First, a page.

National Lutheran News

New family studies program launched into cyberspace

Dr. Michael Walcheski

Dr. Michael Walcheski

Concordia St. Paul offers program over Internet

A recently-launched master’s degree program in family studies at Concordia University in St. Paul offers working adults some choices that reflect today’s technologies. For example, the learners (practitioners already working in the field) may choose traditional face-to-face classes one evening a week or Internet-based “distance education.” The latter includes virtual class discussions (“chat” sessions), e-mail and Internet bulletin boards.

The “distance education” option allows students from around the country to enroll in the 40-credit program while they continue their family life professions. However, it would be a mistake to assume that only those students scattered across the country would select the Internet-based option. One of those students lives just a block from the Concordia campus, located along Interstate 94 in St. Paul.

Even the continental U.S. borders may be too confining for the new program, says Dr. Jim Ollhoff, Associate Dean of Human Services at Concordia. He foresees the program as having an international student enrollment in the very near future. Use of the Internet truly makes this a classroom without walls.

“Distance education” students do gather for a required week-long residency before the Internet-based portion of their work begins, says Dr. Michael Walcheski, director of the program. (A residency session was scheduled the week of July 31.) These days on campus, and their graduation ceremony, may be the only time these students are together in the same room. However, that residency time is considered crucial to getting students to know each other prior to their electronic education sessions. They do receive a photo of members of their class (a “cohort” or group, usually consisting of 10-15 learners) to post near their computers.

Walcheski notes that the new program is the first and only distance education program in the nation to offer students certification as a family life educator.

The master’s program offering is within the Concordia School of Human Services. It is described as a “prescriptive,” in contrast to an “intervention,” approach to helping families. It provides them with tools to anticipate and navigate potential hurdles that could be stressful or damaging to family relationships. Walcheski says this approach is preferable to trying to “fix” families already in crisis and reduces the need for intervention. For example, family life educators might use their training in offering parenting classes to reduce the strain of new parenthood. Or, they might counsel adults juggling roles in caring for children as well as aging parents.

Graduates of the program typically work in social services, agency administration, government, Cooperative Extension programs such as 4-H, parish ministry, and child and adult care administration. For example, the U.S. Air Force trains people for programs to reduce family-related stress on individuals who need to be able to give full concentration to flying multi-million dollar airplanes.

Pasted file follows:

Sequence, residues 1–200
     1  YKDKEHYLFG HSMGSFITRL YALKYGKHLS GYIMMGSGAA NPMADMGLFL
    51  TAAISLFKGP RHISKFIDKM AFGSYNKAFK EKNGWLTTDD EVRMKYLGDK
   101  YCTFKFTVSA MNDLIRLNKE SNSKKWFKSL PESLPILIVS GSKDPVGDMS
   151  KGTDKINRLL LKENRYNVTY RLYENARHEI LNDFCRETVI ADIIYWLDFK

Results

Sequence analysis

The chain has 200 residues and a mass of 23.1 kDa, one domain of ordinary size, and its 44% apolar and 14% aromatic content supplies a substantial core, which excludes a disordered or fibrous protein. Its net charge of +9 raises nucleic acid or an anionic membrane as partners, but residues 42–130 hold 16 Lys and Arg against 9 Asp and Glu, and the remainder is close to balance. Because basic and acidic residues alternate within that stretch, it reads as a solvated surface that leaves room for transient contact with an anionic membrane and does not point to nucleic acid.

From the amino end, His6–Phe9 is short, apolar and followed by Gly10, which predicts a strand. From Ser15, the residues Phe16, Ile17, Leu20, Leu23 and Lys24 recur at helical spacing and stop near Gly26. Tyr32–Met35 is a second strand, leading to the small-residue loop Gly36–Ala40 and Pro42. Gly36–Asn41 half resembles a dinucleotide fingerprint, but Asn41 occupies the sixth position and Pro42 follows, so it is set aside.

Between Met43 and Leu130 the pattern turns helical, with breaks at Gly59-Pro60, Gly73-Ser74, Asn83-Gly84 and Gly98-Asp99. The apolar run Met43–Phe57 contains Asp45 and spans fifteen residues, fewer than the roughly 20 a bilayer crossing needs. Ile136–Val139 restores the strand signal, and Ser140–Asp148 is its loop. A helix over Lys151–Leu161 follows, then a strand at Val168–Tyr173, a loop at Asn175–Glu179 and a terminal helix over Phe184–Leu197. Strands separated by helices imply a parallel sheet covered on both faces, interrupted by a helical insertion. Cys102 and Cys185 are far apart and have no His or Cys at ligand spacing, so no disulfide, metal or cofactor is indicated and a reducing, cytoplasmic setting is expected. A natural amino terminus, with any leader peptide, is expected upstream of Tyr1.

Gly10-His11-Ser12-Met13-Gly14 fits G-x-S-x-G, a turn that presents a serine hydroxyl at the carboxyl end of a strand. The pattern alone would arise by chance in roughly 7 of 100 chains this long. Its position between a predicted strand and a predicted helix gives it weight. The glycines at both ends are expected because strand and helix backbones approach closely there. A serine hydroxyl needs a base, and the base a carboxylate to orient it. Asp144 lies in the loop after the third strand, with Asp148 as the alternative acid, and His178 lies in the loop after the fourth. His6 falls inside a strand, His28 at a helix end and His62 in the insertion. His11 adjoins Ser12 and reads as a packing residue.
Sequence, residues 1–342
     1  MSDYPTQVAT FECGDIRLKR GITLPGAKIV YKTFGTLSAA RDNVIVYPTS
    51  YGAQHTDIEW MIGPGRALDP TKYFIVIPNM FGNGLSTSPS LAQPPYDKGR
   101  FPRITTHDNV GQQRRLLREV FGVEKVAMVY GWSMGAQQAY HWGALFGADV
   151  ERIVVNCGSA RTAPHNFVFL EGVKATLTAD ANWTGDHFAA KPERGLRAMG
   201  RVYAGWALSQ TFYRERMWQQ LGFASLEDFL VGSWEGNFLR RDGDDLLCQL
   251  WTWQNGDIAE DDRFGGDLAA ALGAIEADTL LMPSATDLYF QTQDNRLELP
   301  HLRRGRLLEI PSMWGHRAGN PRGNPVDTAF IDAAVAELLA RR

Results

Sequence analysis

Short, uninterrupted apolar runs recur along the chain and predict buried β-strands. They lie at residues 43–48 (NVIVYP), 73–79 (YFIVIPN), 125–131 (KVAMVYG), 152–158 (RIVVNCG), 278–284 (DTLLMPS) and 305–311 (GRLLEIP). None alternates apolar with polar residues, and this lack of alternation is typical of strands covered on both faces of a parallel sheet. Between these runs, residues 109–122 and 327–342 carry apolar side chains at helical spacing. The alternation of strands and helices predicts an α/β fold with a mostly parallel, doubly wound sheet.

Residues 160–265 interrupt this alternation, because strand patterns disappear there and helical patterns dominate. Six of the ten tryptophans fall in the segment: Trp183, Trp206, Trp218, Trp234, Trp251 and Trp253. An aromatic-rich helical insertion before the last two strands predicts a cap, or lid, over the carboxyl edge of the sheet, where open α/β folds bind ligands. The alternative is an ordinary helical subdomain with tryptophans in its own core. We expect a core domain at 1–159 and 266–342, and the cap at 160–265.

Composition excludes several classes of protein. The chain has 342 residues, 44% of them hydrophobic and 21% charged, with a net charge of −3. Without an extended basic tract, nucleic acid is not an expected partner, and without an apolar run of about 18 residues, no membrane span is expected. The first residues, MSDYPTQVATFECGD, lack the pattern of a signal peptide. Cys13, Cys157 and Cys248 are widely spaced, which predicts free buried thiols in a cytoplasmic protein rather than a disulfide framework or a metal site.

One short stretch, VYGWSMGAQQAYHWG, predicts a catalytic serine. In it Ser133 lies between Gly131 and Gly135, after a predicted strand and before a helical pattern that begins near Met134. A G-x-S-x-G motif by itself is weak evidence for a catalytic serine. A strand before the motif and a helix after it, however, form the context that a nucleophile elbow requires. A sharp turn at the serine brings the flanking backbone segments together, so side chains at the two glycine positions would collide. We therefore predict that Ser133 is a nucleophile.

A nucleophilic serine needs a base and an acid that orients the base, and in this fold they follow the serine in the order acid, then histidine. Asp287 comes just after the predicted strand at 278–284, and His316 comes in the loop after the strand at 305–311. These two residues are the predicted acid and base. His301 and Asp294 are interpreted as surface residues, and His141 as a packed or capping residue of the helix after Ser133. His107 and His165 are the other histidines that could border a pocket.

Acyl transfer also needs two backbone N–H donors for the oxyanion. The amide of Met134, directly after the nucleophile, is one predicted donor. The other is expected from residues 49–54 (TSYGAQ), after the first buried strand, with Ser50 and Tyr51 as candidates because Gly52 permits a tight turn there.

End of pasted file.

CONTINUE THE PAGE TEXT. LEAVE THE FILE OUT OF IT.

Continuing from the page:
Graduates are also qualified to teach in community colleges, adult education programs, and, if previously certified, in secondary vocational and non-vocational programs.
A frequent question asked by prospective students is how the “distance learning” option compares with actual classroom attendance. Kersten Falvey, a master’s program student in the “distance learning” option, who is also an academic advisor, says the two approaches compare very favorably. She notes one of the benefits is that students are able to adapt materials from their own environments to the courses they take. Walches-ki says, “This puts the school where the student is.”

Falvey says that shy students tend to communicate more in the electronic classroom than they would in an actual classroom where other students might all turn to look at the person posing the question or making a comment
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Ollhoff says that the five faculty members teaching in the program feel without exception that they know their “distance education” students better than they do students in face-to-face classroom situations. Faculty communication with students includes making assignments and posting discussion topics on an Internet bulletin board.

Another benefit of the “distance education” option was realized by a Twin Cities pastor who accepted a call to the West Coast while enrolled in the program. He was able to continue his educational endeavor without missing a beat.

Although some graduates increase their earning capabilities with the master’s degree, most find their motivation in increasing their competence and effectiveness in dealing with families in their current professions, says Walcheski.

Concordia’s new 19-month program is accredited by the National Council on Family Relations. It is one of fewer than a dozen accredited graduate programs in the nation.
The new master’s Internet-based option is a logical fit for Concordia, which was recently ranked 33rd in the top 100 of America’s Most Wired Colleges by Yahoo Internet Life, a print and online magazine geared toward tech-savvy families.

Additional information about the program is available on Concordia’s web site, www.cshs. csp.edu or by calling Dr. Walcheski at 651-603-6184.